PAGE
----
linguoboy wrote:Okay, I think I understand the distinction you're drawing between "qualifying attributive nouns" and other sorts of noun modifiers, including possessives. Still seems somewhat tautological to me, however.
I taught the distinction was common in Irish grammars, it's in Ó Nualláin and the Christian Brothers grammar I believe. How is the distinction tautological? I agree it could be wrong or pointless, but what makes it a tautology.
In Irish, as far as most treatments of the grammar go, there is a distinction between a noun in the genitive being used attributively as in:
bróg chailín = a girly shoe
And being used as simply another noun (possessing the previous one), not a quality/attribute of the proceeding noun, as in:
bróg cailín = a girl's shoe
Since they are treated differently grammatically, I would have thought it was an important distinction to make. One set, the "attributive nouns" are treated grammatically like adjectives, the other set are not.
(BTW, I disagree that bean an tí is a "proper noun" in obair bhean an tí. Bean an tí doesn't uniquely designate any particular individual; after all, theoretically, every house could have one.)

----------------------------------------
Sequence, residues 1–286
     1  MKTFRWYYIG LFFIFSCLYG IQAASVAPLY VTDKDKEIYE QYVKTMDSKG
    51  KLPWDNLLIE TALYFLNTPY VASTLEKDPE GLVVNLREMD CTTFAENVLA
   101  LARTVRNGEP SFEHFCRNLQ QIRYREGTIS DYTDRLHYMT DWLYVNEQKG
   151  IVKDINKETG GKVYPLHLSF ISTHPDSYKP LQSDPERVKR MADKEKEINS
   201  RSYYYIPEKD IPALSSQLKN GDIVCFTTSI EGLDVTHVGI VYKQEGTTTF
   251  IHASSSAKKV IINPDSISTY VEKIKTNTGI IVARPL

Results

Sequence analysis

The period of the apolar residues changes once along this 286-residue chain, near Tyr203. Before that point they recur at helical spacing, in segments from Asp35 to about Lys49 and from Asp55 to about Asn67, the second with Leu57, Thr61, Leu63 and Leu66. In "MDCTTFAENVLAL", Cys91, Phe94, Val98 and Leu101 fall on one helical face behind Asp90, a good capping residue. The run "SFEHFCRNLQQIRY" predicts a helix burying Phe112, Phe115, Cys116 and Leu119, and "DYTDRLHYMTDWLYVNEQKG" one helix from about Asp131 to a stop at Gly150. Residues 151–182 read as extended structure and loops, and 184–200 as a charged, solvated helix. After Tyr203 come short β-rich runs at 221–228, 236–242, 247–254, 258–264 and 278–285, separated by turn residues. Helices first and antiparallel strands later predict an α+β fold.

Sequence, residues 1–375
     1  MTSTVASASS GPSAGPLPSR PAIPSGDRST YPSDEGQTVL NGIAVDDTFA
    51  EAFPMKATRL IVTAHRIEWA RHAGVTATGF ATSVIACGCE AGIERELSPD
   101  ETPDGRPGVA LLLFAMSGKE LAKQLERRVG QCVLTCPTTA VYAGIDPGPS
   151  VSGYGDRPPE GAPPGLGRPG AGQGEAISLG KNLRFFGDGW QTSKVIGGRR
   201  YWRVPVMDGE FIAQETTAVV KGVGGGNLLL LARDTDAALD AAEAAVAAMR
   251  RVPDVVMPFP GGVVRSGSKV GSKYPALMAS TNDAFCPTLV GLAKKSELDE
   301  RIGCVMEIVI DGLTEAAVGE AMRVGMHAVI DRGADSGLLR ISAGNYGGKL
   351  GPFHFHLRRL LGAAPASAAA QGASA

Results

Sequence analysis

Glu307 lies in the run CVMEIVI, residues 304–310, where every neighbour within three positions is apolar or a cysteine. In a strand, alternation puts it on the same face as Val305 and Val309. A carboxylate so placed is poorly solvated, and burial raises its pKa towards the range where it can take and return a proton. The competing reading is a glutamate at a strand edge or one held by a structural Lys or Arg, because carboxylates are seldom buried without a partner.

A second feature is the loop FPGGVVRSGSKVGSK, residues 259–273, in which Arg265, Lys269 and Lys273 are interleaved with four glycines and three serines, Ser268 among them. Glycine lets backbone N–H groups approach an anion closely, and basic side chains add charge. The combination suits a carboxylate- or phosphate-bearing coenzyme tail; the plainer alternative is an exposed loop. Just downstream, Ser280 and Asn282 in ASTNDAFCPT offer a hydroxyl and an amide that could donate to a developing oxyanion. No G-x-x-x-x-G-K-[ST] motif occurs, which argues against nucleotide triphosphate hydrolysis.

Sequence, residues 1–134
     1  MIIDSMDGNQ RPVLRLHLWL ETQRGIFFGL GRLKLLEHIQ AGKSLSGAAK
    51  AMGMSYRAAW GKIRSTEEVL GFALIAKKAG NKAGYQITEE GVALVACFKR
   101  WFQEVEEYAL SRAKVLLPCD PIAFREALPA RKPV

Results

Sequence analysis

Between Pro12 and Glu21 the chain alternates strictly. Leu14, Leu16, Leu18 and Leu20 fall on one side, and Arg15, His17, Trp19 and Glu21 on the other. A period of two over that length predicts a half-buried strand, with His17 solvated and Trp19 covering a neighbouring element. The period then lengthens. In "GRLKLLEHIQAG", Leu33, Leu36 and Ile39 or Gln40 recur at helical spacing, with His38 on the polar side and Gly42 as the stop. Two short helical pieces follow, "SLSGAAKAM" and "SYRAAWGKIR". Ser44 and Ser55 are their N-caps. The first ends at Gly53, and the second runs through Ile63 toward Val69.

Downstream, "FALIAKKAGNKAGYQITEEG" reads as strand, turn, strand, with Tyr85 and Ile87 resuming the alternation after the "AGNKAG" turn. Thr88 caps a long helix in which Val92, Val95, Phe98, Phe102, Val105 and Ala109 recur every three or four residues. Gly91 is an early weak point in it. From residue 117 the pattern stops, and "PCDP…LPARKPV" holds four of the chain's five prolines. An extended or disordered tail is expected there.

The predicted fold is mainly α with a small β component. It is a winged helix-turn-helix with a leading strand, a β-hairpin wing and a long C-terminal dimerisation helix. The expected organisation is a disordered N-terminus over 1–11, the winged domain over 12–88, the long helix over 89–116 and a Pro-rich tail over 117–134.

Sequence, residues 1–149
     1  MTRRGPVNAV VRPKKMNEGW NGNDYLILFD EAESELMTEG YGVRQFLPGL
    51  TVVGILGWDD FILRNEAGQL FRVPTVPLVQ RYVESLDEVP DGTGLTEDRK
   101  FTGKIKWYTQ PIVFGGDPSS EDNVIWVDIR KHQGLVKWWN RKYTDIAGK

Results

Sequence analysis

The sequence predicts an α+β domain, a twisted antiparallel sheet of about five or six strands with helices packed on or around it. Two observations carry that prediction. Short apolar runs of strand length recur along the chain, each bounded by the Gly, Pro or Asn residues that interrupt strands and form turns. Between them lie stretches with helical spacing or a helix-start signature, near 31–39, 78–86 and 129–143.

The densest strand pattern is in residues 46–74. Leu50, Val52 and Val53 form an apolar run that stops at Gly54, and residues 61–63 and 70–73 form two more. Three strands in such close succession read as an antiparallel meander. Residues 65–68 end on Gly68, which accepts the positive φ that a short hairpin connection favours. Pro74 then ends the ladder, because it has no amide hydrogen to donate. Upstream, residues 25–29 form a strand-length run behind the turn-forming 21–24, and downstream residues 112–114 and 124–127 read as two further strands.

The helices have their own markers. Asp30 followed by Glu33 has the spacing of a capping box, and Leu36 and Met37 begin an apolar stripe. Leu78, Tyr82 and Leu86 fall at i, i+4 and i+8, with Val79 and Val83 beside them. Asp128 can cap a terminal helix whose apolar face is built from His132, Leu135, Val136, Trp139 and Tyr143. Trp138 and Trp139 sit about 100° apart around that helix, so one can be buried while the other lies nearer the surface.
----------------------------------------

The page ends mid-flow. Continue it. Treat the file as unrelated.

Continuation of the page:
I didn't think it is a proper noun "logically", rather that it is taken as (treated as) a proper noun grammatically as definite genitive constructions always are, i.e. the first noun of a definite genitive construction is treated grammatically as if it were a proper noun, up to the phenomena known as bracketed constructions where native speakers originally had a distinction between:
obair bhean an tí
obair mhná an tí
This originally arose from:
ag déanamh oibre sagairt = doing priestly work (a more literal translation)
here obair goes into the genitive, as "sagart" is functioning as an attributive noun, essentially an adjective on "obair" and hence "obair" behaves no differently than if it had an adjective attached.
(P.S. I'm not convinced I'm right, you know more languages than me and have a broader scope on grammar, it's possible that these traditional grammatical distinctions are pointless as they arose from early Irish grammarians and not modern linguistics. For example Bonaventure Ó hEoghasa's five declension distinction.)